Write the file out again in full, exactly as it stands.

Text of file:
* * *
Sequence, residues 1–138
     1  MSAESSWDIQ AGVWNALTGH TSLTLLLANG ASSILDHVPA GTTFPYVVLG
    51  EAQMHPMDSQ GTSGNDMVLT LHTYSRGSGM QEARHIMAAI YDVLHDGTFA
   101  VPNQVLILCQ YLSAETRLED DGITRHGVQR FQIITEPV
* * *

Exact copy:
Sequence, residues 1–138
     1  MSAESSWDIQ AGVWNALTGH TSLTLLLANG ASSILDHVPA GTTFPYVVLG
    51  EAQMHPMDSQ GTSGNDMVLT LHTYSRGSGM QEARHIMAAI YDVLHDGTFA
   101  VPNQVLILCQ YLSAETRLED DGITRHGVQR FQIITEPV